The New Zealand Herald

Minister wants simpler rules on disclosure

- — BusinessDe­sk

Commerce and Consumer Affairs Minister Kris Faafoi wants more easily-understood financial adviser disclosure rules to make sure customers aren’t led astray, and is seeking submission­s on regulation­s accompanyi­ng the upcoming law change.

The Ministry of Business, Innovation and Employment discussion document came out the same day that Financial Markets Authority-commission­ed research showed investors have found product disclosure statements more useful than the previous regime in offering valuable insights in investment offers.

Legislator­s are currently considerin­g a bill to remove some of the confusion for consumers in the way financial advisers are designated, and putting client obligation­s on the industry. While that works its way through Parliament, MBIE is seeking feedback on proposed regulation­s that will set the disclosure requiremen­ts for advisers to make sure consumers get all the informatio­n they need at the right time.

“Consumers should have that informatio­n to assist them to decide, for example, whether to obtain advice from a particular provider,” Faafoi said. “I want to make sure that important informatio­n is presented in simple terms that consumers understand.”

The proposed disclosure regime can draw on the experience of changes to securities law, which pared back the size of investment prospectus­es to the more manageable product disclosure statement under the five-year-old Financial Markets Conduct Act.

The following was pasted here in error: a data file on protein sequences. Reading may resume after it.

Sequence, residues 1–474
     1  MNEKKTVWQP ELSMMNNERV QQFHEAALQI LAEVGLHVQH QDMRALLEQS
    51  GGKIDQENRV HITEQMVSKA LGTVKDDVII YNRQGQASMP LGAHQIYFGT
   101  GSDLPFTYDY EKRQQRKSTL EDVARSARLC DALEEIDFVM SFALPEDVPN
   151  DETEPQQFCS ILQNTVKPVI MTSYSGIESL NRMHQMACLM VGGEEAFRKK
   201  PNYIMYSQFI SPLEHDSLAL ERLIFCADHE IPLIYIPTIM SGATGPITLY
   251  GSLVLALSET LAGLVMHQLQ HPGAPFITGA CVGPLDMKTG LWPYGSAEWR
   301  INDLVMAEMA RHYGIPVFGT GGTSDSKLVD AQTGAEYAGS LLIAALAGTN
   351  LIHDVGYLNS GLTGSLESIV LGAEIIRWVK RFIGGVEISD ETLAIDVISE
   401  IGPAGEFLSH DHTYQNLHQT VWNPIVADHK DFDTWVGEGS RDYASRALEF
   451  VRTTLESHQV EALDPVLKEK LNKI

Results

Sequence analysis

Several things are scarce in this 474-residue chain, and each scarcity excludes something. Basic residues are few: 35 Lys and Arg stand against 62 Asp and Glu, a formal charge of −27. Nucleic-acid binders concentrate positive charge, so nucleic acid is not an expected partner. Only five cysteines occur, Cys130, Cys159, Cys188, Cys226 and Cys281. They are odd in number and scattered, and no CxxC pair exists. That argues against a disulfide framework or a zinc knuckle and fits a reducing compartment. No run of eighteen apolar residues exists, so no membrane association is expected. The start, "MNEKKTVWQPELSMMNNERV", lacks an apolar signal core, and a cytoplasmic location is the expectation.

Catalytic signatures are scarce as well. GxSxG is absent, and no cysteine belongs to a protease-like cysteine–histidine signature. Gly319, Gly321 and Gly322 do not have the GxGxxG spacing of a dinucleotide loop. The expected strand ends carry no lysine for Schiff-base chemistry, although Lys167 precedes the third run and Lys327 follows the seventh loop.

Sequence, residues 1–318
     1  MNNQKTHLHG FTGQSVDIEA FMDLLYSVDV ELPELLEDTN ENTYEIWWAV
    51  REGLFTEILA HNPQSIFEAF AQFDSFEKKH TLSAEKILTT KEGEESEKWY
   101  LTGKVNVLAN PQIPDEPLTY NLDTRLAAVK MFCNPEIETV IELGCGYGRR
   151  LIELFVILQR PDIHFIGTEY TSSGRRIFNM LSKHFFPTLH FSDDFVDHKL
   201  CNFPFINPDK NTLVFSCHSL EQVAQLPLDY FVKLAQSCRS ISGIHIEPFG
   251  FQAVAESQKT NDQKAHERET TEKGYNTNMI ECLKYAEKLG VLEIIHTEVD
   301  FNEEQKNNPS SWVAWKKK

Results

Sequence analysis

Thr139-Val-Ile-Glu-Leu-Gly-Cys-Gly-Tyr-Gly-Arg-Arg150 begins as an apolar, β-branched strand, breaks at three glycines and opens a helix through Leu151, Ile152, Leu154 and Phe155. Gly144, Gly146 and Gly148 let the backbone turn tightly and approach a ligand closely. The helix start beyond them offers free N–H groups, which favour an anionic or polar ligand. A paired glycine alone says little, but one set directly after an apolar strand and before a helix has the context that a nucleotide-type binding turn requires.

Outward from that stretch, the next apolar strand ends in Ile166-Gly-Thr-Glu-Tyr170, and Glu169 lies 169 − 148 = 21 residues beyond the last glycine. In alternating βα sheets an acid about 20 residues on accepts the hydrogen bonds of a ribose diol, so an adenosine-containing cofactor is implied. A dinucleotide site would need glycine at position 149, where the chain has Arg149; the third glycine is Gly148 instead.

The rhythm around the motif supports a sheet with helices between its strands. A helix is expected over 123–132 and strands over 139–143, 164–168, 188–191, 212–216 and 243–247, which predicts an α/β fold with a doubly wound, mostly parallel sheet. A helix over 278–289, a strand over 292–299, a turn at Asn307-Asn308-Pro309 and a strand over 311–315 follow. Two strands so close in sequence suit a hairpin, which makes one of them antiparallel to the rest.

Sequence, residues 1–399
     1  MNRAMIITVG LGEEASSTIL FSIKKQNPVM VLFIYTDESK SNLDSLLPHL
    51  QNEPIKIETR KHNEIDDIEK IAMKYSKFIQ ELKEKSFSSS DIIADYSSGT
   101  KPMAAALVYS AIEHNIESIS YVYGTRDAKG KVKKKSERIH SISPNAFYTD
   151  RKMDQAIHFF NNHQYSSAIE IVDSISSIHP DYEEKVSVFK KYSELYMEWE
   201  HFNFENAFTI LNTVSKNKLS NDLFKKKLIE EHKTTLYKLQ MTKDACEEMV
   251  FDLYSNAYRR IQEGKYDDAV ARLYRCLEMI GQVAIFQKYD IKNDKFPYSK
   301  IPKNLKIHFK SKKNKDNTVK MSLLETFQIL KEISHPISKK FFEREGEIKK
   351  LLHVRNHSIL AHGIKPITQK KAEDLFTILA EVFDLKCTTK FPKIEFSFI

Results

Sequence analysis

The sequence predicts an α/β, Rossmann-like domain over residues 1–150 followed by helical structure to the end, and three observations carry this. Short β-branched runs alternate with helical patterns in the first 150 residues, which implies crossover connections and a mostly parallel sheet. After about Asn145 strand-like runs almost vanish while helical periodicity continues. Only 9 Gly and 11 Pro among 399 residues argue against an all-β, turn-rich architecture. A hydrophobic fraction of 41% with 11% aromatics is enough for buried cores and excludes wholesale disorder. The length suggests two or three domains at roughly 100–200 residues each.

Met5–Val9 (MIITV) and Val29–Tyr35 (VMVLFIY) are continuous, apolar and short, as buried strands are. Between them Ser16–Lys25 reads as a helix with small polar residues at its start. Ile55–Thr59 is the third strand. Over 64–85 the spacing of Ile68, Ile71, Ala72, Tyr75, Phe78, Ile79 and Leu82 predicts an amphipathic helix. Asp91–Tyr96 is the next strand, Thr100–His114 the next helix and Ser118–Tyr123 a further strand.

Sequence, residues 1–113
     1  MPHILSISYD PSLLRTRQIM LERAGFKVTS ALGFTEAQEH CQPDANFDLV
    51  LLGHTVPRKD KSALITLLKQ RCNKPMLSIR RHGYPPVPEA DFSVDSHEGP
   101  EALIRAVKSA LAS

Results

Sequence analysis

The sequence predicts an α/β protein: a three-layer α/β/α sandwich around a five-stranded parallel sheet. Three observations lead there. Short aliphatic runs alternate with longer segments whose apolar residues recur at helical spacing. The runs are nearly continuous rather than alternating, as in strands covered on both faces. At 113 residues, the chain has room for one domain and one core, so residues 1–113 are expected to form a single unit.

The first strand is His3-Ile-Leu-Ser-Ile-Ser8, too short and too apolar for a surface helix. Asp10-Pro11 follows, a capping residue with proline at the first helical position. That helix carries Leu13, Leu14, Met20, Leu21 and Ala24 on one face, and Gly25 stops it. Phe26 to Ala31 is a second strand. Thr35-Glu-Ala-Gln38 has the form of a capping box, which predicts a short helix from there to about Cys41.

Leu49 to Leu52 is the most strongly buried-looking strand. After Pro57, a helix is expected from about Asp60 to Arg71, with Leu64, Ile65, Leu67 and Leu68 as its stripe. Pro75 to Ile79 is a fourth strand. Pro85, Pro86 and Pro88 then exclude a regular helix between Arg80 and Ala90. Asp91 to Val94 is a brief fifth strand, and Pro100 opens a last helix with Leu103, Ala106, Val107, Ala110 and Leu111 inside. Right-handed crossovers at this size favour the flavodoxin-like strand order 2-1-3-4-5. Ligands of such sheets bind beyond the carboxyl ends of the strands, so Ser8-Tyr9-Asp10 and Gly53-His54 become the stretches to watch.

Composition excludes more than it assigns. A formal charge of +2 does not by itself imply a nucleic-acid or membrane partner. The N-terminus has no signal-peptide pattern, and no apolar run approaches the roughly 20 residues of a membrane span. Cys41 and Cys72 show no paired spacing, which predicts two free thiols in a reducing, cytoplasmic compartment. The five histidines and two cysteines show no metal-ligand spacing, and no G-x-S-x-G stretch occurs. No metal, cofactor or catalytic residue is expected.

FMA-commission­ed research found the product disclosure statement was the first thing investors looked at to get a sense of a product, using it as a primary informatio­n source for decision making. Interviewe­es told researcher­s PDS was an improvemen­t on the investment statement-prospectus disclosure regime, but were “long and repetitive”, using “academic” language and “a lot of legal terminolog­y”.

“Some mainly offshore-controlled entities have been ‘ free-riding’ off New Zealand’s reputation for sound financial markets regulation by using their registrati­on to imply that they are actively regulated in New Zealand when that is not the case,” Faafoi said.

“I want feedback on the proposals that aim to address this unscrupulo­us behaviour.”

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